La. pastor Tony Spell ministers while wearing ankle monitor despite house arrest order

La. pastor Tony Spell ministers while wearing ankle monitor despite house arrest order
Pastor Tony Spell speaks to media after holding an evening service at the Life Tabernacle Church in Central, La., Tuesday, March 31, 2020. Spell did so despite being charged with misdemeanors today, for holding services against Gov. John Bel Edwards shelter-in-place order due to the new coronavirus pandemic. (AP Photo/Gerald Herbert) (Source: Gerald Herbert)

BATON ROUGE, La. (WAFB) - Rev. Tony Spell ministered to a crowd at his church while wearing an ankle monitor Sunday, April 26, despite being placed on house arrest.

A judge on Friday, April 24, asked Spell if he’d comply with state orders that limit the number of people who can gather in one place at the same time.

Spell replied by quoting a bible verse, East Baton Rouge Parish District Attorney Hillar Moore said.

Moore said Spell remained silent when asked a second time. The judge interpreted Spell’s silence to mean he would not comply with those state orders.

Spell is pastor of a church in Central, La. where dozens of members continue to congregate at the same time that government officials around the globe try to limit in-person interactions.

Gatherings are believed to contribute to the spread of COVID-19, the virus blamed for a global pandemic that has killed thousands.

Louisiana Governor John Bel Edwards banned groups of more than 10 people from gathering in the state at any one time, including in churches.

People can be temporarily excluded from having to comply with the order to perform tasks deemed “essential.”

Church services are not included among those “essential” tasks.

The governor can legally issue such orders during the pandemic under state law.

Spell intentionally ministered in-person to crowds of hundreds after that order was given.

He claims the order preventing gatherings is “politically motivated” and an "attack on all Christians across the world.”

Spell argues religious gatherings are constitutionally-protected and not subject to state orders.

“If this is not about religion, then are the Waltons not being issued summons and arrested for keeping Walmart open?” Spell previously said. “Nobody will tell us as God-fearing Christians and Americans that we are non-essential in our society.”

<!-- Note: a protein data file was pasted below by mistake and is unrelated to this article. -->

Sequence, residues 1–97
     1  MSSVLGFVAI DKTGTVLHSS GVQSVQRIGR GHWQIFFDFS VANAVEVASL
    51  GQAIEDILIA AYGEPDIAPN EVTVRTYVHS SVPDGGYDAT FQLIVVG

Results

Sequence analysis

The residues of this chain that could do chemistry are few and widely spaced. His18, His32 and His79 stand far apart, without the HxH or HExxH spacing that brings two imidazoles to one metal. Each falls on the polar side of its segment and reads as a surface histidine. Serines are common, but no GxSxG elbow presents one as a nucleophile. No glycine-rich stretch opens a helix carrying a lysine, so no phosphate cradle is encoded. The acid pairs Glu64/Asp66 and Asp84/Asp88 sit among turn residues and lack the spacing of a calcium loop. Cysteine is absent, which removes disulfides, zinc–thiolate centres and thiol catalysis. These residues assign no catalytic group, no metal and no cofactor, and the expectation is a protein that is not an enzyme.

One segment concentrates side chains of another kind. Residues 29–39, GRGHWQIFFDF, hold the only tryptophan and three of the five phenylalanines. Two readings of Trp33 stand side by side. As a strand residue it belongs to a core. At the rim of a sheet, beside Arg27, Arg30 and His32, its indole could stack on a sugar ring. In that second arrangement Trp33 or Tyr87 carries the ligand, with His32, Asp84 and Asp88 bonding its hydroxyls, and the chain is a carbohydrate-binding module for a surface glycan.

Spell was later issued six misdemeanor counts of disobeying the powers of the governor, after officials grew tired of trying to convince Spell to stop holding services.

Protestors began regularly gathering outside of Spell’s church soon after.

One protestor was standing near the church in late April when Spell allegedly backed a bus toward him.

Video of the alleged incident shows the bus coming to a stop just short of where the protester was standing.

Central pastor allegedly backs bus up in attempt to hit protester

“I could see him [Spell] driving the bus. He was honking his horn loudly at me and making gestures suggesting he was yelling while he was driving. It didn’t seem real until it was physically in my face with a bus,” said Trey Bennett, the protester.

Spell said he wanted to get out and confront Bennett. He claims he wasn’t going to hit Bennett.

Officers charged Spell with aggravated assault and improper backing as a result of the incident.

Spell was released from custody on the condition that he “refrain from any and all criminal conduct, including but not limited to strictly abiding by the all emergency orders issued by the Governor of the State of Louisiana.”

He had to appear before the judge Friday to agree to those terms.

District Attorney Moore said Spell choosing to remain silent will likely present a contempt of court issue that will need to be addressed.

Moore said efforts by his office to have Spell’s bond revoked are still pending in court.

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